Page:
It can be fun to try different herbal teas and even make up your own combinations. One of my current favourites is white tea with rose petals. It has a softer flavour than green tea and the rose petals give it a lovely colour and a dose of Vitamin C. For those who would like to try some new tea options some of my favourite online sources for herbal teas are Austral Herbs for the individual components or Mrs Oldbucks in Berrima for a range of pre made teas and individual components.

Regardless of which teas you try make sure its leaf tea as much as possible. There are concerns about micro plastics being used in many tea bags which really isn’t something you want to include in your diet. The major reason to use leaf tea however is it simply gives a better flavour.

Christine Pope is a Naturopath and Nutritionist who works at Elemental Health St Ives and is available online and in person for appointments if you want to improve your health. Her preference is for black tea in the morning, prana chai at lunch and green tea or chamomile later in the day.

(1) https://www.ncbi.nlm.nih.gov/pmc/articles/PMC4818021/

(2) https://www.ncbi.nlm.nih.gov/pmc/articles/PMC2941540/

(3) https://pubmed.ncbi.nlm.nih.gov/25176245/

Reduce your breast cancer risk

Attending an Integrative Oncology conference online in June 2021 was an interesting experience. The organiser provided an extensive program looking at treatment options and naturopathic support. One in three people will develop cancer at some point and improvements in testing and treatment have resulted in significant improvements in survival rates with those for breast cancer increasing from 75% to 91% over the past twenty years.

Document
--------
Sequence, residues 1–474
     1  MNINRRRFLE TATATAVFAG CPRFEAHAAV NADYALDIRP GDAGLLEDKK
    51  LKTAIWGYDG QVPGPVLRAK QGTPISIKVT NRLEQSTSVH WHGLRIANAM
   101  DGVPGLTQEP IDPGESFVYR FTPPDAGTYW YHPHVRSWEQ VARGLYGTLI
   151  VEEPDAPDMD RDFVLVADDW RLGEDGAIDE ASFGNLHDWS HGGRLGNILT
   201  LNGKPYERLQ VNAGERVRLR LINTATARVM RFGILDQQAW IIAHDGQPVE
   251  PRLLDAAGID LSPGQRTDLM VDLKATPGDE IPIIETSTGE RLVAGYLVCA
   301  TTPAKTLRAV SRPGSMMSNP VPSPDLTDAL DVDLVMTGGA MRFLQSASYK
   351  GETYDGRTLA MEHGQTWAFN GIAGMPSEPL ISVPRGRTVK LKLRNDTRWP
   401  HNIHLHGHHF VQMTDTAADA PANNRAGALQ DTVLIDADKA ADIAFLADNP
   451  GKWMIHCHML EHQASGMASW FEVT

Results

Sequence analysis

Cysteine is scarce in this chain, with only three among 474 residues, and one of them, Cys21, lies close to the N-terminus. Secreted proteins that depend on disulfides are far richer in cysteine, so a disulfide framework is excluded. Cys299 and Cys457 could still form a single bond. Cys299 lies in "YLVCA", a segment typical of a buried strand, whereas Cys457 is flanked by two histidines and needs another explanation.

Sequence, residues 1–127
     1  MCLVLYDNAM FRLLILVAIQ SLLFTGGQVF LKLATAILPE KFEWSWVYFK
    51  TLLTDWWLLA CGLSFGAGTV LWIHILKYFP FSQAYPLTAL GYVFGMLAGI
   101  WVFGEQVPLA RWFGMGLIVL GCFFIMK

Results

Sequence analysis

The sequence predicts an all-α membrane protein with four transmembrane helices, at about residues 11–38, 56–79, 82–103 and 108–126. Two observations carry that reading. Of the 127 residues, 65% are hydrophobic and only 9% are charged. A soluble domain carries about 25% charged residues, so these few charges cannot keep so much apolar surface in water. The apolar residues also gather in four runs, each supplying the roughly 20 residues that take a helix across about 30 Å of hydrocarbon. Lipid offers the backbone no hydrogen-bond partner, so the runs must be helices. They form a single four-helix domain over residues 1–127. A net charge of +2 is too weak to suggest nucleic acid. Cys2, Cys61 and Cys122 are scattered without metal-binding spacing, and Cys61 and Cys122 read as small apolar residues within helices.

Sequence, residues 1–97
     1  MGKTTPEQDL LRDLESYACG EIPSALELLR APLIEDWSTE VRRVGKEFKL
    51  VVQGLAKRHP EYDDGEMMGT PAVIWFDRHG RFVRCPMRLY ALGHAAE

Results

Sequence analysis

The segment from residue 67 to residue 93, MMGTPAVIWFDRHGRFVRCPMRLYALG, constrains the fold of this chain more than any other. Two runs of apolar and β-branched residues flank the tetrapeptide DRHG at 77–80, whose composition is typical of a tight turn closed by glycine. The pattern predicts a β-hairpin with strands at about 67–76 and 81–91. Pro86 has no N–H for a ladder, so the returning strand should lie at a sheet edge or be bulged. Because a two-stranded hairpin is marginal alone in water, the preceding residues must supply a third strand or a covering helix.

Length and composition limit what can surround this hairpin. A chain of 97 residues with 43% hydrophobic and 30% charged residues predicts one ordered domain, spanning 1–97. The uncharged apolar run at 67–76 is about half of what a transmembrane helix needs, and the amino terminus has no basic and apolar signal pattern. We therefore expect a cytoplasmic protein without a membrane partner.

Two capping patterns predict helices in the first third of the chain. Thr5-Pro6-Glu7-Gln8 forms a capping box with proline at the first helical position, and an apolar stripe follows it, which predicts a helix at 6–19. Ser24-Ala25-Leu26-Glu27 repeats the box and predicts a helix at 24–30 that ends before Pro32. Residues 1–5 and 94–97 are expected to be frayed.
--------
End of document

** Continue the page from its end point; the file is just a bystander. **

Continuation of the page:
In addition to medical treatment there is also useful research on changes that can improve your survival risks and indeed may be useful preventative strategies, particularly if there is a history of breast cancer in the family. These strategies include diet, exercise , therapeutic foods and reducing alcohol consumption.

First up diet! During treatment doctors may advise that diet really doesn’t matter. Largely this is due to the concern that the nausea and lack of appetite resulting from chemotherapy or radiation treatment will result in significant loss of weight and you are less able to sustain treatment. At this stage maintaining kilojoules and weight is key. Post treatment however diet becomes critical.

What is the best diet for reducing your breast cancer risk ? Ideally a plant based whole food diet which still includes adequate amounts of protein from either animal or plant sources. Let’s consider the key components of this type of diet and how it may help.

Eat your vegetables